Surprisingly, President Museveni does not link the shortfalls within the economy to the neo-liberal policies his government has been uncritically implementing for more than 20 years. On the contrary, he states them as the achievements of his government. For instance, “macro-economic stabilisation and liberalisation”, which are said to have enabled the government to “control inflation for a long time and to free the private sector from bureaucratic interference”, are mentioned as factors that have led to the recovery of the economy. Unfortunately, the mentioned economic measures, if critically examined, are responsible for the growth and dominance of the parasitic service sector in the economy.

It is claimed that the rationale for macroeconomic stabilisation is to prevent price instabilities as a way of encouraging investments within the economy. In theory it makes sense but in practice it has undermined the development of vital sectors. What is the essence of macroeconomic stabilisation when the majority private investors who are peasant farmers are greatly affected by price instabilities?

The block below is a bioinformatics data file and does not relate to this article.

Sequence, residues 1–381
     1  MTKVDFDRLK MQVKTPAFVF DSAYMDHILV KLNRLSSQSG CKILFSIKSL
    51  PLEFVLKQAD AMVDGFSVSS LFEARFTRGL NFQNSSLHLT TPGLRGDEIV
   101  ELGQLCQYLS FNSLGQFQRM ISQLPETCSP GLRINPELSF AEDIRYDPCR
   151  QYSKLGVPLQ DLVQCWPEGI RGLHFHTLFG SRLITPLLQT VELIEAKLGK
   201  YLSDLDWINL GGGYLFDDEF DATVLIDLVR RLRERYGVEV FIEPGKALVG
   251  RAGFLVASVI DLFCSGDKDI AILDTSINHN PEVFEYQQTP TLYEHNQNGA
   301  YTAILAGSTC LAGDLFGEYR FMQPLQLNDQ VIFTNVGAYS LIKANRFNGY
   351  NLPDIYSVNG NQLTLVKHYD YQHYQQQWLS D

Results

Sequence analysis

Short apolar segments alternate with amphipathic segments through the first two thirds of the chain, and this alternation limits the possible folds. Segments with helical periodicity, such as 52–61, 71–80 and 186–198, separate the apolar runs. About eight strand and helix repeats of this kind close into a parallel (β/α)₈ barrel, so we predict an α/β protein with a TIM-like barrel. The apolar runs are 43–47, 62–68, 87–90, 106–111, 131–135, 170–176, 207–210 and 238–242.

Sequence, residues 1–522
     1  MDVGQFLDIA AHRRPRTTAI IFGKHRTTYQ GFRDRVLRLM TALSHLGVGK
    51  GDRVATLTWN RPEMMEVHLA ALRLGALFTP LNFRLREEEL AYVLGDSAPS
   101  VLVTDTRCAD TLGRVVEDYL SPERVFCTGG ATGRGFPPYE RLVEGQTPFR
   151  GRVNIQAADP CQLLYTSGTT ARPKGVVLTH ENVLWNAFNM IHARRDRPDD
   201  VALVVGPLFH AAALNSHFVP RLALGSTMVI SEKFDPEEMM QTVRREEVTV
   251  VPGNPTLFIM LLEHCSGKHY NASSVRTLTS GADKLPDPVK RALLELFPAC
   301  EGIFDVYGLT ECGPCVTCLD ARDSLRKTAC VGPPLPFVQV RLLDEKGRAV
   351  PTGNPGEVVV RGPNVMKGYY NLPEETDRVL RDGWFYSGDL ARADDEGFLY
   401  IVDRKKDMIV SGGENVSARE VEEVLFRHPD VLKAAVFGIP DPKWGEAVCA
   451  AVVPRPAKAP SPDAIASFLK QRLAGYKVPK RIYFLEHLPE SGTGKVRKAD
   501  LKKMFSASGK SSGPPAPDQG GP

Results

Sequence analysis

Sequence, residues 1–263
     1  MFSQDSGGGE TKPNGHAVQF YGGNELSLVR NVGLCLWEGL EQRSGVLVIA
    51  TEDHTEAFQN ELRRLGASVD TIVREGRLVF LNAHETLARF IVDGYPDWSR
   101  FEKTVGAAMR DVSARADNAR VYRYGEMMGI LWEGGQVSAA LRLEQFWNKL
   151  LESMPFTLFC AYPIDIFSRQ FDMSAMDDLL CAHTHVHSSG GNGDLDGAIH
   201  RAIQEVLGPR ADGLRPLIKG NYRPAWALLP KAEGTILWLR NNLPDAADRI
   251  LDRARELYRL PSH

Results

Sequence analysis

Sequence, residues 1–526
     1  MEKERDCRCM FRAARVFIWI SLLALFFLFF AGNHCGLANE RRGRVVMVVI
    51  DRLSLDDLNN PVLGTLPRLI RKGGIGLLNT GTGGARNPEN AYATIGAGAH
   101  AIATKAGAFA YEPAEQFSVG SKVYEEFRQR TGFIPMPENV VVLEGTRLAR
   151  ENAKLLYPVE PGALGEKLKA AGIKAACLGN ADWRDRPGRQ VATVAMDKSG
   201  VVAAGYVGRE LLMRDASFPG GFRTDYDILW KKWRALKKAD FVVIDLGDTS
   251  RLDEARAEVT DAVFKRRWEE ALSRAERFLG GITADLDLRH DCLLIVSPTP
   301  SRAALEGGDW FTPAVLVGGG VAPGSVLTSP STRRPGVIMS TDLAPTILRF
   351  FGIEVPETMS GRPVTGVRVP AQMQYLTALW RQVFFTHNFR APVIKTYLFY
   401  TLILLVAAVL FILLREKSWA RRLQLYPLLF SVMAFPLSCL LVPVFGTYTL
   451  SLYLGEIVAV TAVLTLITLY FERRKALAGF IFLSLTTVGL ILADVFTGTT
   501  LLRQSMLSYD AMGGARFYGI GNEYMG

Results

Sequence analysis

The full package of economic reform Uganda has undertaken has in its kit the policy of attracting foreign investors. The mentioned full package, if critically examined, is to promote trade in imports and the consumption of foreign associated services while at the same time facilitating foreign investors to make money from the economy without any inconveniences or interruptions.

To unsuspecting Ugandans, the policy of liberalising the economy is to allow the people do business unhindered. Currently, the policy is not only concerned with allowing people to business without restrictions but also encouraging free trade both internally and externally. As a result, short-term trade in imports is encouraged at the expense of long-term agricultural and industrial development; enslaving the country to become a perpetual importer of manufactured goods while exporting raw primary commodities. Investors, whose attraction President Museveni is obsessed with, are interested usually in getting quick profits unless they are directed into priority long-term vital areas by carrot and stick. No wonder Ugandans complain of foreign investors for getting involved in petty-trade which would be performed by the ordinary indigenous private individuals. No wonder Uganda has been turned into a gambling economy by the likes of Sports Betting.